pCEA is a useful contributor to the diagnosis of small liver tumor still amenable by surgery. Wang et al. and Nguyen et al. (22, 23) showed the importance of Hep Par1 and pCEA for distinguishing hepatocellular carcinoma vs metastatic adeno-carcinoma in liver fine needle aspirates. Our study showed all cases of Hepatocellular carcinoma to be positive for Hep Par 1 and negative for CK7 and CK20. pCEA was equivocal. Metastatic carcinomas were strongly positive for CK7 and weakly positive for CK20 and pCEA with Hep-Par negative. Bialecki et al. (24) stated that serum AFP levels can be helpful, if markedly elevated in the surveillance of high-risk individuals for HCC. Behne et al. and Murugavel et al. (25, 26) correlated the same. Colquhoun et al. (27) and Veenendaal et al. (28) found chromogranin A to be 100% specific and a highly sensitive marker for NETs. Synaptophysin also plays an important role. Hamai et al. (29) showed the role of SMA in diagnosing leiomyosarcoma of colon with liver metastasis. Our study found these markers to be very helpful in diagnosing primary HCC and metastatic lesions and supplementary in differentiating metastatic lesions.
Noh et al. (30) found out in their study the relation between chronic HBV and HBC with the development of HCC. Zamor et al. (31) believed HBV and HBC led to hepatic fibrosis which further developed into HCC. Their study showed 50% of cases were related to chronic hepatitis with majority residing in Asia. Other studies by Perz et al., Di Bisceglie et al. and Yuen et al. (32-35) also related the development of HCC due to increased viral load of HBV or HCV. Mendy et al. (36) found out that even low-level viremia (200-10000 copies/mL) conferred a significant risk of HCC. Our study showed a positive correlation between increased viral load of HBV and HCV with the development of hepatocellular carcinoma, however with a few cases of increased viral load present for even metastatic lesions, a scope for ambiguity remains (although this may be explained by the increased prevalence of chronic hepatitis in our country).
Mathew et al. (4) discovered in their study that cell block from FNAC in liver has 71.11% sensitivity, 100% specificity and 71.7% accuracy. Other studies showed that sensitivity for diagnosis of hepatic malignancy by cell block is from 75.34% to 93% (32, 35). Our study showed the sensitivity to be 98.75%. No false positive case was present in the study by Homesh et al. and Iyer et al. (37, 38) though we had 3 false positive cases. Some false negative cases were attributed to repeated aspiration of necrotic material leading to diagnosis of abscess where underlying carcinoma was missed. Various studies have reported specificity by cell block method to be from 69% to 100% (38-40). Our study demonstrated a specificity at 83.3%. Sometimes, differentiating poorly differen-tiated hepatocellular carcinoma and metastatic adenocarcinoma were difficult (41). In a few cases, disorganized hepatocytes and cholestasis from liver parenchyma leads to a cirrhotic picture instead of metastatic carcinoma. Our study had 4 false negative cases with 2 cases appearing as abscess on cell block while other 2 displayed only inflammatory cells. Mohmmed et al. (1) found positive predictive value to be 78.8% and negative predictive value at 0% while our study had high range of positive predictive value at 99% which supports the efficacy of this diagnostic method.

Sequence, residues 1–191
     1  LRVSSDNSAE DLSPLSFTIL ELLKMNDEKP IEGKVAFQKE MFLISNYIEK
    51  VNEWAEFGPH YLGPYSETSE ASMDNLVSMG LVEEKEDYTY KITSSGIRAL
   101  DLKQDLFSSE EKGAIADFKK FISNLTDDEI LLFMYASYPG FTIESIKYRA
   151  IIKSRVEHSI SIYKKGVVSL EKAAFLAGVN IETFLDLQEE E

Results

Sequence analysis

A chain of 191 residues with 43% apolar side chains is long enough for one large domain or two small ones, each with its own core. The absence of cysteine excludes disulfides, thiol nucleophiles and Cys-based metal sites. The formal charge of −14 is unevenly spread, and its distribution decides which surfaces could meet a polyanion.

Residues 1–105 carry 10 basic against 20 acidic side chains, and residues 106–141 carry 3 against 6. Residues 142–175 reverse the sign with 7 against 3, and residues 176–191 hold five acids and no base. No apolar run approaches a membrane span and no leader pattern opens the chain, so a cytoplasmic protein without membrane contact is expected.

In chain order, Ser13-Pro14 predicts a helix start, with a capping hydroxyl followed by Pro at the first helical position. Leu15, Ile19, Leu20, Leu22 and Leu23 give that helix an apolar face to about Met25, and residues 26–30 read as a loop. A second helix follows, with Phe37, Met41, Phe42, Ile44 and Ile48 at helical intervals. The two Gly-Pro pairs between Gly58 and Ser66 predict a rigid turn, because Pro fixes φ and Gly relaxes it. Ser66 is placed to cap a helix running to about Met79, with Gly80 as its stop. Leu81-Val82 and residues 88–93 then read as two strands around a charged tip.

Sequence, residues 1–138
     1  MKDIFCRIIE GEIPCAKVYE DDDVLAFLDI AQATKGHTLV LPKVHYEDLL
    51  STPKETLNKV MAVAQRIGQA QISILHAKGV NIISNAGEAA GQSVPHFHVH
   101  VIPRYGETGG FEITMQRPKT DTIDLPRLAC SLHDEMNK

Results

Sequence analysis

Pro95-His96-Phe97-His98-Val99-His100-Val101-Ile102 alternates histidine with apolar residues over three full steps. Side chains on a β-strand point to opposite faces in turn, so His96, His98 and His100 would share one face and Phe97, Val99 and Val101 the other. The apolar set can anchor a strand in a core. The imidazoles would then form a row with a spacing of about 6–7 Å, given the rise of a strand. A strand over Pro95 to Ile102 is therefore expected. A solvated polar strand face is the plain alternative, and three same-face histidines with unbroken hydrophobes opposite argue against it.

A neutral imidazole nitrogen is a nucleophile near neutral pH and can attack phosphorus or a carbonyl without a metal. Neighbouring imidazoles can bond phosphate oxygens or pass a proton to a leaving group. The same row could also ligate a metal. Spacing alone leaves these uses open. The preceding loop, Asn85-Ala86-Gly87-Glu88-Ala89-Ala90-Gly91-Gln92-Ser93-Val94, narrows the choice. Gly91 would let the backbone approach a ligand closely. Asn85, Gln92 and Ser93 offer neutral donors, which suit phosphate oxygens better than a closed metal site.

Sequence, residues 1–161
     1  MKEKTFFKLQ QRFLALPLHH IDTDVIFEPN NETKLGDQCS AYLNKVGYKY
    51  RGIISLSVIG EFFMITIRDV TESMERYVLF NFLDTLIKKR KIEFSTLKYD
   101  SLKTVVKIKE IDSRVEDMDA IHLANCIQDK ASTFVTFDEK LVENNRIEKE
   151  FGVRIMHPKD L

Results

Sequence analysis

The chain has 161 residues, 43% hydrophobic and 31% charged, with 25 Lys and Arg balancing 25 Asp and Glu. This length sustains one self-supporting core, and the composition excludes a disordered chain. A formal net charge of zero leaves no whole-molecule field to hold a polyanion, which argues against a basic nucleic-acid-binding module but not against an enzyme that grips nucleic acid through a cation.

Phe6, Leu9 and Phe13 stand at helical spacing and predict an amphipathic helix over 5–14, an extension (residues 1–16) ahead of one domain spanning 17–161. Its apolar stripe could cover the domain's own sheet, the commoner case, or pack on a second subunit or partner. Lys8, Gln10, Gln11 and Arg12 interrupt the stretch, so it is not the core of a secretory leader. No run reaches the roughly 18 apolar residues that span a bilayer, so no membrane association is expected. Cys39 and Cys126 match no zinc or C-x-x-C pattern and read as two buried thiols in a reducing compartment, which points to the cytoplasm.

Cell block converts a suspicious report into a definitive diagnosis. We have to ask ourselves, “Do we really need to do core biopsy?” Because in resource limited areas cell block is a poor man’s core needle biopsy and can be used as an adjunct to histopathology.
In cell block, architecture of tumor is maintained at places whereas core biopsy can have crush artifact. Even in higher centers, in certain cases, cell block is better than core biopsy, which is formalin fixed, as studies show that formalin can hinder in DNA extraction, especially in molecular studies. However, in pediatric age group, FNAC with cell block can be used in certain cases though core biopsy remains the gold standard in most pediatric tumors. Some believe that biopsy tract seedling using unsheathed needle is probably more common than fine needle aspiration spilling, though there is no proven data.
A satisfactory FNAC sample with cell block is a very useful diagnostic tool for evaluation of various liver lesions with high degree of diagnostic accuracy. Also, it reduces the timing, the economic burden and morbidity of the patient.
In cases where diagnosis by FNAC is equivocal, it is recommended to perform FNA with cell block preparation and IHC studies as a part of routine laboratory practice to improve diagnostic precision. Because of its high sensitivity, Cell Block technique is a useful adjunct to routine FNA smear because multiple sections can be cut from a cell block and IHC and special stains can be applied. Viral markers, if available, can be correlated to arrive at the final diagnosis. The combination of cell block with all these adjunct techniques is of immense help in identifying primary carcinoma and differentiating it from metastatic deposits in the liver without any invasive procedure. The source of the primary site in metastatic deposits can be detected which can guide the treatment protocol and even helps in predicting the prognosis.